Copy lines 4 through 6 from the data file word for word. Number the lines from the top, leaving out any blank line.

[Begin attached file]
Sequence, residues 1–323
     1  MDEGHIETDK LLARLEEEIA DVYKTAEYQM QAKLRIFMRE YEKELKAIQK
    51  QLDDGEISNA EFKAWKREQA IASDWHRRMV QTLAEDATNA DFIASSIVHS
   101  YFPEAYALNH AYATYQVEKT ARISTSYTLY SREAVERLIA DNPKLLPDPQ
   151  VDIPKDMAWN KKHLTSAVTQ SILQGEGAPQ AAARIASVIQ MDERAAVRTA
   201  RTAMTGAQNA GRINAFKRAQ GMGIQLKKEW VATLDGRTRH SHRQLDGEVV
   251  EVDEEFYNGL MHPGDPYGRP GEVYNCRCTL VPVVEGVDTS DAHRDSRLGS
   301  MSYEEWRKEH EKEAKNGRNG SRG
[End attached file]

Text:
   101  YFPEAYALNH AYATYQVEKT ARISTSYTLY SREAVERLIA DNPKLLPDPQ
   151  VDIPKDMAWN KKHLTSAVTQ SILQGEGAPQ AAARIASVIQ MDERAAVRTA
   201  RTAMTGAQNA GRINAFKRAQ GMGIQLKKEW VATLDGRTRH SHRQLDGEVV